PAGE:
Manchester, New Hampshire (CNN) - Hours before a major showdown in the battle for the GOP presidential nomination, a new national poll indicates that nearly one in four Republicans say they would most likely support Mitt Romney as their party's nominee.
According to a CNN/Opinion Research Corporation survey, the former Massachusetts governor, who's making his second bid for his party's presidential nomination, grabbed the support of 24 percent of Republicans and independent voters who lean toward the GOP, with former Alaska governor Sarah Palin at 20 percent, ahead of the rest of the field.
Full results [pdf]
The poll's Monday morning release comes hours before a CNN/WMUR/New Hampshire Union Leader Republican presidential debate in New Hampshire, the state which holds the first primary on the road to the White House.
The survey was conducted in the days following attention grabbing events from Romney and Palin, indicating they both received a bounce from their actions.
"For Romney, his official announcement of his candidacy on June 2 moved him to the top of the GOP list, up nine points from a CNN poll conducted late last month," says CNN Polling Director Keating Holland. "Palin took the opposite tack, acting like a candidate but staying far away from any official declaration, but her well-publicized bus tour from the nation's capital to the Northeast made her share of the GOP vote grow seven points from late May."
The 2008 Republican vice presidential nominee says she's contemplating a White House run, but has not taken any concrete steps toward launching a campaign. Neither has former New York City Mayor Rudy Giuliani, who's considering a second bid for the GOP nomination. The poll indicates he has the support of 12 percent of Republicans.
"The former New York mayor's support dropped four points from 16 percent in late May, putting him third on the list and suggesting that his status as a non-candidate isn't helping him," adds Holland.
Two declared candidates, former Godfather's Pizza CEO and radio talk show host Herman Cain and former House Speaker Newt Gingrich are tied at 10 percent, with Rep. Ron Paul of Texas, who's making his third run for the White House, at seven percent.
According to the poll, Rep. Michele Bachmann of Minnesota is at four percent. Bachmann is one of the seven candidates taking part in the debate and she says she'll make an announcement regarding her candidacy later this month in Iowa, the state that kicks off the presidential primary and caucus calendar.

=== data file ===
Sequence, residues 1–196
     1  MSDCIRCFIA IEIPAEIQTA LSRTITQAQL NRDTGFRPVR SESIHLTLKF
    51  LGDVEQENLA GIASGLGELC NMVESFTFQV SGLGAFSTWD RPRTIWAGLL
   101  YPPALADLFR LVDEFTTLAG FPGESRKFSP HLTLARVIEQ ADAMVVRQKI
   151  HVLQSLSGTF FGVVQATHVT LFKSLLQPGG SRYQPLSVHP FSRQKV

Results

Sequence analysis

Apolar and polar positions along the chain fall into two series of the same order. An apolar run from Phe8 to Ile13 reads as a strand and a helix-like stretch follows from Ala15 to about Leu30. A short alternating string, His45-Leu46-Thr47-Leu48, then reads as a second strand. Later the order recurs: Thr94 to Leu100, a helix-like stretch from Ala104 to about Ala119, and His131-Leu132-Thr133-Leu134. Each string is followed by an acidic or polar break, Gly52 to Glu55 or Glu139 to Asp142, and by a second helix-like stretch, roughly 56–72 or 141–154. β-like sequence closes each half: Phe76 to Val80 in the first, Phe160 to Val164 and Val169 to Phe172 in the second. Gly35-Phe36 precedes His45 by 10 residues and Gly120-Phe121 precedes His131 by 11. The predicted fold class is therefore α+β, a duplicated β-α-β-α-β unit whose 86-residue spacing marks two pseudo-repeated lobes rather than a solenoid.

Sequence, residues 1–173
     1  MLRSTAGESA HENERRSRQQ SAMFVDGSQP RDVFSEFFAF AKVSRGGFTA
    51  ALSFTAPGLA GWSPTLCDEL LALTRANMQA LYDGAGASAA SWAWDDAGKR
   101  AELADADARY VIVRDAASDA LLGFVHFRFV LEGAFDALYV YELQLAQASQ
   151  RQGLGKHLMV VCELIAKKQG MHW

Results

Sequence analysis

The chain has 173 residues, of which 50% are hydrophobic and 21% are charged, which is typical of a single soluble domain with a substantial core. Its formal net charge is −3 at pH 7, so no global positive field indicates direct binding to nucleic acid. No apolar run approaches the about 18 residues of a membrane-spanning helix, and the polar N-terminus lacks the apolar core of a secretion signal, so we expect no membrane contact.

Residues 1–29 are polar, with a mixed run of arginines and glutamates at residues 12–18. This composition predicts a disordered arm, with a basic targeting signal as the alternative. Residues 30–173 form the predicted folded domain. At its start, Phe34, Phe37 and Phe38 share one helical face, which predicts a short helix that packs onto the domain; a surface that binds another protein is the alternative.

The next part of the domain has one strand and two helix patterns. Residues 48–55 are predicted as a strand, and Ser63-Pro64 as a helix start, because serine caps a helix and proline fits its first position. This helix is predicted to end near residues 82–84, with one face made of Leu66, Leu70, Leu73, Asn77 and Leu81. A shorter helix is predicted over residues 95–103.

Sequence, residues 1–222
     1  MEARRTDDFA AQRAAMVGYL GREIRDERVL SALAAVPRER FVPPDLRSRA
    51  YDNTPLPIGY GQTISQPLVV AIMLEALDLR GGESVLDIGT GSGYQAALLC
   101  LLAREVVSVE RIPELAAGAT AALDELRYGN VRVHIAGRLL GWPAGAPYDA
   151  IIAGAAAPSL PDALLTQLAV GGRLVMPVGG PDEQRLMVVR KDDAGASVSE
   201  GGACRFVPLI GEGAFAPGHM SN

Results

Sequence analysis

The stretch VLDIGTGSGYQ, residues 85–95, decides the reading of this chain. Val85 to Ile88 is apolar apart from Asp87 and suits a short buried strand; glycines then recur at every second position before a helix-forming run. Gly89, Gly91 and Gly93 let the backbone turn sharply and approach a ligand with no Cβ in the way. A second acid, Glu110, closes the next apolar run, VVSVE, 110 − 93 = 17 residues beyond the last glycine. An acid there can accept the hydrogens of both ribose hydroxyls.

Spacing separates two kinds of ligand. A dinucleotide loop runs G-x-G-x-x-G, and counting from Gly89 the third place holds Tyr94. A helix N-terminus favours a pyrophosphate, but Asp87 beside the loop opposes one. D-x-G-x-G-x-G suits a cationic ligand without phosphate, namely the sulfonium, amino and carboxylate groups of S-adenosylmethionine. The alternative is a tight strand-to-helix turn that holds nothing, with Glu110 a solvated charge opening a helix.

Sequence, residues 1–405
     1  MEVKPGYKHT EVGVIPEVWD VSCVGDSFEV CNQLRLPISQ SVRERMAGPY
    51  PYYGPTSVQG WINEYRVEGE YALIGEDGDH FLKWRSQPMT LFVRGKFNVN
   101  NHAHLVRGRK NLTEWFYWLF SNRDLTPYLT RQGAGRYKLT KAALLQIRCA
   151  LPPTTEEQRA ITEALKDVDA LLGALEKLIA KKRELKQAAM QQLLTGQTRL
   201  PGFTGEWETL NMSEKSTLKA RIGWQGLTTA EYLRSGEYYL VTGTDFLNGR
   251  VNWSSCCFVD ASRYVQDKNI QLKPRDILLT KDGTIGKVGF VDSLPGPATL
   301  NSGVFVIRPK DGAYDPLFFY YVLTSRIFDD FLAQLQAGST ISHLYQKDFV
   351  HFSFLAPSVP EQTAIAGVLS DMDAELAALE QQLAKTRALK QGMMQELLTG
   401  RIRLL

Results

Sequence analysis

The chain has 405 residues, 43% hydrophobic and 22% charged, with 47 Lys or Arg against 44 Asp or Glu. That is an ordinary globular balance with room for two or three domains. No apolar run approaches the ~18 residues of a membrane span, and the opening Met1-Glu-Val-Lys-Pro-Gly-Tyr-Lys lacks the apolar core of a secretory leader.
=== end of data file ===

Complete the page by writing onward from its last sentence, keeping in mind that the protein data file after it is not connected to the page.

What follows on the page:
Former Minnesota Gov. Tim Pawlenty is at three percent, with former Sen. Rick Santorum of Pennsylvania at one percent. Also at one percent is former Utah Gov. and U.S. Ambassador to China Jon Huntsman. He is not taking part in the Monday night debate but tells CNN Chief Political Correspondent Candy Crowley that he'll announce his candidacy in the next week and a half.
Name recognition plays a big role in national horserace polls at this stage in a presidential cycle, which is why Monday night's debate provides many of the candidates low in the polls with a big opportunity to increase their name identification by introducing themselves to a national television audience.
With Giuliani not in the horserace, the poll indicates Romney edges up to 28 percent, with Palin at 23 percent, far ahead of the rest of the field. With Giuliani and Palin not in the horserace, Romney jumps to 35 percent, 19 points ahead of Gingrich.
"Romney has the blessing, and the curse, of inevitability. Forty-two percent of Republicans say that, regardless of whom they support, Romney is the candidate who is most likely to win the Republican nomination next year. That's three times higher than Palin, the next Republican on the list," says Holland.
Do Republicans want to see Giuliani and Palin run?
For Giuliani, the answer is a clear "yes." Two-thirds of Republicans say they would welcome a Giuliani candidacy. There's not as much support for Palin. Fifty-four percent of Republicans say they want to see her run for the nomination, but a sizable 44 percent would prefer to see her remain on the sidelines in 2012.
On the Democratic side, eight in ten Democrats and independents who lean toward the Democratic Party say they would like to see President Barack Obama re-nominated next year.
How would Americans feel if Obama were re-elected next November?
According to the poll, 19 percent say they would be excited if that happened and another one in three would be pleased but not excited. Overall, 52 percent would feel positively about an Obama second term.
Thirty-two percent say they would be displeased by an Obama win next November and 16 percent would be angry.
The CNN/Opinion Research Corporation poll was conducted June 3-7, with 1,015 adult Americans, including 433 Republicans and independent voters who lean towards the GOP, questioned by telephone. The survey's overall sampling error is plus or minus three percentage points.
- CNN Deputy Political Director Paul Steinhauser contributed to this report.
CNN hosts the first New Hampshire Republican presidential debate on Monday from Manchester at 8 p.m. ET. Follow all the issues and campaign news leading up to the debate on CNNPolitics.com and @cnnpolitics on Twitter.